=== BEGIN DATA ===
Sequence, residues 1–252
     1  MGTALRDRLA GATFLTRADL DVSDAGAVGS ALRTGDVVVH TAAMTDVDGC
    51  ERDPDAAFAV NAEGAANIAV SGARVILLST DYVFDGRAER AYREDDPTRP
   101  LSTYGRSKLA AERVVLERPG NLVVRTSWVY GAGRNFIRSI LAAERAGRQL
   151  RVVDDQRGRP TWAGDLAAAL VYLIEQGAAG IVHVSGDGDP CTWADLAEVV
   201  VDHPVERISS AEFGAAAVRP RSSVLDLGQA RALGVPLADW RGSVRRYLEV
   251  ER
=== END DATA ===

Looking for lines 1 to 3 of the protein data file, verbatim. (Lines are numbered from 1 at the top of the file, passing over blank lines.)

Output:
Sequence, residues 1–252
     1  MGTALRDRLA GATFLTRADL DVSDAGAVGS ALRTGDVVVH TAAMTDVDGC
    51  ERDPDAAFAV NAEGAANIAV SGARVILLST DYVFDGRAER AYREDDPTRP